HIT Training puts Trust in Employee Ownership
We are delighted to have advised long time client, HIT Training Limited, on its transition to employee ownership. Noel Ruddy, who led the team at PDT said: “John Hyde and Jill Whittaker, respectively the proud holders of a CBE and OBE for services to education and training, have always believed that the success of HIT Training was down to their people and culture. The transfer of a controlling interest to the HIT Training Employee Ownership Trust is, therefore, a natural one which will ensure their culture of collaboration and inclusivity continues to benefit the employees who have made HIT Training the hugely successful business it is today.”
Jill Whittaker, Managing Director, HIT Training Limited commented “This was a challenging journey for us and needed steady hands. Noel has been a sounding board for many years and originally suggested the EOT to us. Noel and his team expertly guided us through the company law aspects of the transition to an EOT and I would recommend PDT to any business wanting advice on how EOTs can be used. Thank you to the team for all your hard work and support.”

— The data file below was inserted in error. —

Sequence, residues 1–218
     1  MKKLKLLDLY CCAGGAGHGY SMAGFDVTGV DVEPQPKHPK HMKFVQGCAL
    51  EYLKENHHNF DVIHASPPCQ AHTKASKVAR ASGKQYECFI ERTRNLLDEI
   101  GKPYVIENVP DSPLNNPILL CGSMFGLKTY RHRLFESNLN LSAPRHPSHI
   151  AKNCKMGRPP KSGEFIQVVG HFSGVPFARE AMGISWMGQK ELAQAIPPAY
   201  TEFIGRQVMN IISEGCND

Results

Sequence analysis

HIT Training is a national provider of apprenticeships and vocational training spanning three specialist divisions – HIT Training (hospitality, catering and retail sectors), Connect2Care (adult care, healthcare, funeral and early years sectors) and EDN Training (developing the skills and knowledge of managers, leaders and educators).
This is a significant and important transaction because it’s the first time a company in the hospitality training sector has transferred a controlling interest to an Employee Ownership Trust (EOT). The principal shareholder and founder, John Hyde CBE, wanted to ensure that following his planned retirement as Chairman the business would continue to maintain its independence and at the same time give back value to employees in return for their loyalty. At the time of the transition the company employed over 350 people.
On the transfer to employee-ownership Noel said: “The setting up of an EOT is a complex matter from both a legal and tax perspective. There are specific rules and statutory requirements that must be adhered to in order to derive the tax benefits afforded to shareholders by the Finance Act 2014. In this transaction, a number of specific company law issues needed careful consideration before the transfer to the EOT could take place including relevant changes to the company’s constitution to ensure it complied with EOT legislation which, amongst other things, requires the EOT to have a controlling interest in the company at all times.”
Led by Noel Ruddy the team of lawyers who worked on the transaction included Rebecca Glazebrook, Sian Webber, Emily Parry and Edward Clark. Tax and specialist support on EOT structures was provided by Grant Thornton.
Interest in employee owned status has increased significantly over the last few years. However, whilst selling a controlling interest to an EOT can give certain sellers total relief from capital gains tax and employees can benefit from tax free bonuses, an EOT will not suit every business and there are many issues that need detailed consideration.